Never before have I seen such a menagerie in an art gallery.
An iridescent blue peacock, its feathers spreading at least 8 feet, stands in full glory near the entrance to Prairie gallery in Northside. Two other peacocks — one leucistic (white), the other a rare bronze variety — perch on columns, their tails cascading behind them.
A golden pheasant vibrates with colors so pure they could be an artist’s pigments. A bird called a Lady Amherst sports a magnificent red-orange crest and cerulean eye ring. Goliath and atlas beetles, among the largest beetle species, sprawl on red velvet cushions. A coyote sits meekly in a corner, looking eager as a family dog. Above, a spectacular lion skeleton appears ready to pounce.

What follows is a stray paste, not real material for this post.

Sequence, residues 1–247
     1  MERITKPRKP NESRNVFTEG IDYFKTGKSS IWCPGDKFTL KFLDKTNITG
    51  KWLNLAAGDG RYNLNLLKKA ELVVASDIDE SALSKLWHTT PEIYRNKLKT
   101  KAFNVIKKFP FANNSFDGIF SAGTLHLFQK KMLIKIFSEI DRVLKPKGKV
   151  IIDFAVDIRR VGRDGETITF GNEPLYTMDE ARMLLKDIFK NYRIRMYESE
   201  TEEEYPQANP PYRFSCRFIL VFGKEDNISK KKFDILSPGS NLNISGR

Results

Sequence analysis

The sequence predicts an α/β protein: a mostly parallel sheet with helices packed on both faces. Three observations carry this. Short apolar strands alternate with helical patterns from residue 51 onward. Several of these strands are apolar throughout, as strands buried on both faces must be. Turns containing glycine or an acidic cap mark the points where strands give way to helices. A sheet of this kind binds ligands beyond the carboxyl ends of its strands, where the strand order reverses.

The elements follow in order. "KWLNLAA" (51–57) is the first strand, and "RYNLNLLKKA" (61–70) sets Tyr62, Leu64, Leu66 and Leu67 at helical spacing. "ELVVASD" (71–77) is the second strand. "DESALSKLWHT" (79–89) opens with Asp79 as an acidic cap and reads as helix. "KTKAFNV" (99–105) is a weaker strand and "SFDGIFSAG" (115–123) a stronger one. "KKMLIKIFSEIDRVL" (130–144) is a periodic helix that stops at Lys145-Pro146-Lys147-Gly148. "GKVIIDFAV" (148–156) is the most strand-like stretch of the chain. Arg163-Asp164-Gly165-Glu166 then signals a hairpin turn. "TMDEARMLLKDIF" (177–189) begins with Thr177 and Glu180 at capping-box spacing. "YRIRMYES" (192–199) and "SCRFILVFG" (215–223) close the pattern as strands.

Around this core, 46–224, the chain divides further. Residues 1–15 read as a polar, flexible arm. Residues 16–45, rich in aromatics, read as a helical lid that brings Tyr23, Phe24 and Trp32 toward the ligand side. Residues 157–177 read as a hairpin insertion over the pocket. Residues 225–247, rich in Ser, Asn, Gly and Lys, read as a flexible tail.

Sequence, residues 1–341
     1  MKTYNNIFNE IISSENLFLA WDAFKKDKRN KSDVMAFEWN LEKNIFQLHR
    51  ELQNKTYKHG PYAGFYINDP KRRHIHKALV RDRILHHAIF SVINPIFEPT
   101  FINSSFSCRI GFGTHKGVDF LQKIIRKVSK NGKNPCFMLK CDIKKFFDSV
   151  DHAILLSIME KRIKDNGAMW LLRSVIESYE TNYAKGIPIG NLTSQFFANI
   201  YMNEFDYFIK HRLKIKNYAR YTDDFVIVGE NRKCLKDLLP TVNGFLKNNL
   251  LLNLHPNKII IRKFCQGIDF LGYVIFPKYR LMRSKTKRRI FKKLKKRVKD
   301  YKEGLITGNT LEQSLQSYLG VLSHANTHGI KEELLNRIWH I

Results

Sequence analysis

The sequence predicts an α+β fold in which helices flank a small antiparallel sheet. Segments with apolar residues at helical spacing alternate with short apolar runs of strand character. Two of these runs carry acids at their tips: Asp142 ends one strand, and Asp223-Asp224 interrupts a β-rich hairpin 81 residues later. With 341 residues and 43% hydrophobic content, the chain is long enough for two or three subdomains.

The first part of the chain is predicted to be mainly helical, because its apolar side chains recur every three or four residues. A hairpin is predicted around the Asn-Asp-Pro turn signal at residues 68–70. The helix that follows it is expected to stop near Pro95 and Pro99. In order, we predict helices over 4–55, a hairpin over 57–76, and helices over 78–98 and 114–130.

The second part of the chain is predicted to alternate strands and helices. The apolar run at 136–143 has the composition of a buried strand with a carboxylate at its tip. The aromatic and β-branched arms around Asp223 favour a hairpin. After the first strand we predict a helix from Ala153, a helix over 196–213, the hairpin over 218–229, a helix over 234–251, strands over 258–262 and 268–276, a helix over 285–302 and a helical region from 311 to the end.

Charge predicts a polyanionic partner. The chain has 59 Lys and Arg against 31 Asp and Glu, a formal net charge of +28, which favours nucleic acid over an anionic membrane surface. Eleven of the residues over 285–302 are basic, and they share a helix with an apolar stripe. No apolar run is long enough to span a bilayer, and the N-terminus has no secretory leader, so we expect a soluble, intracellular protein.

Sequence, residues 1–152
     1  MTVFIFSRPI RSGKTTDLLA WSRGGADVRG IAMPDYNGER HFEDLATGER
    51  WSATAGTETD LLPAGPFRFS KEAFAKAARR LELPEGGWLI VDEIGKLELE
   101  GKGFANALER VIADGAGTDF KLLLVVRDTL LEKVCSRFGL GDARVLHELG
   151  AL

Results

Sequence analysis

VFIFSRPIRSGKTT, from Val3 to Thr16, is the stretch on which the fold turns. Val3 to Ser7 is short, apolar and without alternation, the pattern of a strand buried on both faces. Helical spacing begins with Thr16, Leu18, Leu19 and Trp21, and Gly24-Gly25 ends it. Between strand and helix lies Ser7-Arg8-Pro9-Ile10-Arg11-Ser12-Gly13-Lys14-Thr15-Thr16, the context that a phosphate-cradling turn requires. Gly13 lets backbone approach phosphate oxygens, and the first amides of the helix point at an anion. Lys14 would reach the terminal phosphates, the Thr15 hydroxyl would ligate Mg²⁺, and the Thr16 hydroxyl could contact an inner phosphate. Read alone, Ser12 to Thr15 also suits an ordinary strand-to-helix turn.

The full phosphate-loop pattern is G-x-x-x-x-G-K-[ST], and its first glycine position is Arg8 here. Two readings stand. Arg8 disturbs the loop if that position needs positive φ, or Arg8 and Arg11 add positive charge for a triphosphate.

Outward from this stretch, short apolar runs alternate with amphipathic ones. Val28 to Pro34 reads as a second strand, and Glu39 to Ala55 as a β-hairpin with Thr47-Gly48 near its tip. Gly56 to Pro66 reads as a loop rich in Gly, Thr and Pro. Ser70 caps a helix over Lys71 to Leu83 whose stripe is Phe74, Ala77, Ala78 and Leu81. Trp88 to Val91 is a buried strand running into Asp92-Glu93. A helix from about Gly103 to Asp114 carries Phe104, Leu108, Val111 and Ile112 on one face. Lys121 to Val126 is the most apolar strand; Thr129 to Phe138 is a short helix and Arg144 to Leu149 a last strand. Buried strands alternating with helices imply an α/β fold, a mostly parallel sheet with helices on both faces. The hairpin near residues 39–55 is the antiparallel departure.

Artists have long looked to nature for inspiration, but with his exhibition Meddling with Nature Jeremy Johnson takes this tradition to another level. He observes, preserves and presents animals that once flew, ran and roamed about our natural environment. Johnson moves taxidermy out of the natural history museum and into the art gallery by creating an installation that evokes the awe-inspiring world of the Victorian naturalist.
“The Victorian age allowed for unprecedented exploration and discovery at a fever pace,” Johnson says. “The discovery of fantastic birds from distant lands, for instance, was teaching the Victorians as much about themselves as it was about nature.”
Meddling with Nature is on display through Nov. 27.
Read Tamera Lenz Muente's full review here and get show and gallery details.